Libertarian U.


The Los Angeles Times profiles Manuel Francisco Ayau Cordon, founder of Francisco Marroquin University in Guatemala City, a "citadel of laissez-faire economics." A few clips:

Welcome to Guatemala's Libertarian U. Ayau opened the college in 1972, fed up with what he viewed as the "socialist" instruction being imparted at San Carlos University of Guatemala, the nation's largest institution of higher learning. He named the new school for a colonial-era priest who worked to liberate native Guatemalans from exploitation by Spanish overlords.


[Ayau] picked up a pamphlet by Ludwig von Mises, a member of the so-called Austrian School of economics. Considered one of the fathers of modern libertarianism, Mises abhorred state intervention in the economy. He believed that open markets, individual choice, private property and the rule of law were the means to a prosperous society.

Something clicked. Ayau read everything he could find by Mises, Friedrich Hayek and other Austrian School economists. He started a small discussion group among some Guatemalan friends and eventually traveled to New York to attend lectures at the Foundation for Economic Education, a free-market think tank. Through contacts there he met Mises and others whose works he'd been reading. At Ayau's urging, several traveled to Guatemala to speak to his tiny band of free marketeers, who by now were calling themselves the Center for Economic and Social Studies.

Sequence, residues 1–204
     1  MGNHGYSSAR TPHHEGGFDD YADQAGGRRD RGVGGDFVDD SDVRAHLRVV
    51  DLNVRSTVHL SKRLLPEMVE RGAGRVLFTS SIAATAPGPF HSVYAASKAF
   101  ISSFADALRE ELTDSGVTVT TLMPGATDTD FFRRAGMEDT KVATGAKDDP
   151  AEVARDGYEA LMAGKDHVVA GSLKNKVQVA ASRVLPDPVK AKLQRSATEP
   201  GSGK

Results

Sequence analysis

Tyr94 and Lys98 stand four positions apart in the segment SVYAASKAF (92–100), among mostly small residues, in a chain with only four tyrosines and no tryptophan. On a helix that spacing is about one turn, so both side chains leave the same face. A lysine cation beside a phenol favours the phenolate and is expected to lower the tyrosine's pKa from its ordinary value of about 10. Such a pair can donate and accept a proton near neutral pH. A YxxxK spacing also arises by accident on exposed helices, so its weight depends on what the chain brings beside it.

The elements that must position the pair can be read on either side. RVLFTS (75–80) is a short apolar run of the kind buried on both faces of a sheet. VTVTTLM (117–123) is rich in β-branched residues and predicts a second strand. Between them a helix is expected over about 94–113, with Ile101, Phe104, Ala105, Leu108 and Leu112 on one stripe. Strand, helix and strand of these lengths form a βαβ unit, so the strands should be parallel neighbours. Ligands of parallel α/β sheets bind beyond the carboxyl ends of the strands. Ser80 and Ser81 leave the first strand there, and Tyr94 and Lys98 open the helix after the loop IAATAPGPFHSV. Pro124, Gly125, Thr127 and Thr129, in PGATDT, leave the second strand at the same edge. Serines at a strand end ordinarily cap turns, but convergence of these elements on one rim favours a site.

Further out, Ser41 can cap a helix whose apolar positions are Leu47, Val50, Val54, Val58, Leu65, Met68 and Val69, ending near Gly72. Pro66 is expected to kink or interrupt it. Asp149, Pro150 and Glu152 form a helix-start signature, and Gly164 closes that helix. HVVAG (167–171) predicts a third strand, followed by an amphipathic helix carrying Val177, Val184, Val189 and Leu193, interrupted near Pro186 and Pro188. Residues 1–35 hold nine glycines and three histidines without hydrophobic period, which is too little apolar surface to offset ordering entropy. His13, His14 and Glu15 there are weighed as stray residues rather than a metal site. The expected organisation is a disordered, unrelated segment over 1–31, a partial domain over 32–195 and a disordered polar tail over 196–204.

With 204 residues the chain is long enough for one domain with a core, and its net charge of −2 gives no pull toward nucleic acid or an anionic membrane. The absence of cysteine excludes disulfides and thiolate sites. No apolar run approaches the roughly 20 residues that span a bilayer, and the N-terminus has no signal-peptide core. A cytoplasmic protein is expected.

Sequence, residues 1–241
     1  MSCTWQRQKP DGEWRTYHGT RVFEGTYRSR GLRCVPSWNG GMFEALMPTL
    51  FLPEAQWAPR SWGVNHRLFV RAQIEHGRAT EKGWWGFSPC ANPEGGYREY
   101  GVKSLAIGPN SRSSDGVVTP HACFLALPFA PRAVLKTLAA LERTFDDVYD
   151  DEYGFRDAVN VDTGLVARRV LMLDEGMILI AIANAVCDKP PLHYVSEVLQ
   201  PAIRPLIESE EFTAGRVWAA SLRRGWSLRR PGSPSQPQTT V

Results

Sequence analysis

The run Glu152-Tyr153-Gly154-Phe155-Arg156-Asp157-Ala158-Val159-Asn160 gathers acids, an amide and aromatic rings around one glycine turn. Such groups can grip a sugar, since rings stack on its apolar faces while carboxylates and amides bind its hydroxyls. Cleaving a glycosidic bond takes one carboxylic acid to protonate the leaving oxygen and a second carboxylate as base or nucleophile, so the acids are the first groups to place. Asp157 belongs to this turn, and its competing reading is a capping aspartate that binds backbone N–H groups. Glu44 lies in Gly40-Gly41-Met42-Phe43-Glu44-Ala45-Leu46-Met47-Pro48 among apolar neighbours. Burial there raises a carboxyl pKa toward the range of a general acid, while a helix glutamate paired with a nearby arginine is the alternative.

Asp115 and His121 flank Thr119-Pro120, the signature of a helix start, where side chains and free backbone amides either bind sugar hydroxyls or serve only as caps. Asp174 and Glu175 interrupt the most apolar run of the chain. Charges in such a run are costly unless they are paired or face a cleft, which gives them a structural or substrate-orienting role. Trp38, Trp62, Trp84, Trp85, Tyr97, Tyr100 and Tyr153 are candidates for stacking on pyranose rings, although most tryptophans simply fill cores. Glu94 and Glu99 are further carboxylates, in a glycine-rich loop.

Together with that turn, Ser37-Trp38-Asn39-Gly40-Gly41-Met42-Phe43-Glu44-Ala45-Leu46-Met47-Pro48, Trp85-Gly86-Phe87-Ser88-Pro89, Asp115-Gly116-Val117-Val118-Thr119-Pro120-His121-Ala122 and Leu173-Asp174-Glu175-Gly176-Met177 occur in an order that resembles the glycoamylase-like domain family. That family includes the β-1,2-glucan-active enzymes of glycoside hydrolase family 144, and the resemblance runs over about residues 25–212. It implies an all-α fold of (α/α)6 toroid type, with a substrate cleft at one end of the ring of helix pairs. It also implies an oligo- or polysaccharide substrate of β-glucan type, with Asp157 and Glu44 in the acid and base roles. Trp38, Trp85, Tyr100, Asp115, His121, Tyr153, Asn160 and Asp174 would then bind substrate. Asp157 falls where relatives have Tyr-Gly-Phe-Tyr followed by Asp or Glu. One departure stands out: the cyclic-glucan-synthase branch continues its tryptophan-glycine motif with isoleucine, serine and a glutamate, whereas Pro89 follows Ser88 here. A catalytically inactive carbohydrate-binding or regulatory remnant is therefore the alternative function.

John Stossel, co-anchor of ABC News' "20/20," was honored this year on campus, as much for his ideology as his Emmy awards. An avowed libertarian, Stossel got a warm reception for his discourse against government regulation.

"We celebrate the message that this university teaches because economic freedom makes everybody's life better," Stossel said to rousing applause.


There are no sports teams and no affirmative action in hiring or admissions. Instructors can forget about tenure; there is none. Ditto for the protests and sit-ins that are common in public universities in Latin America. If Francisco Marroquin students are unhappy with the product they're getting, they're free to take their business elsewhere.

"If you don't like Macy's, you go to Gimbels," Ayau said.

I hate to break it to Ayau, but Gimbels closed more than twenty years ago—but point taken.

Full article.

(Tip: Steve K.)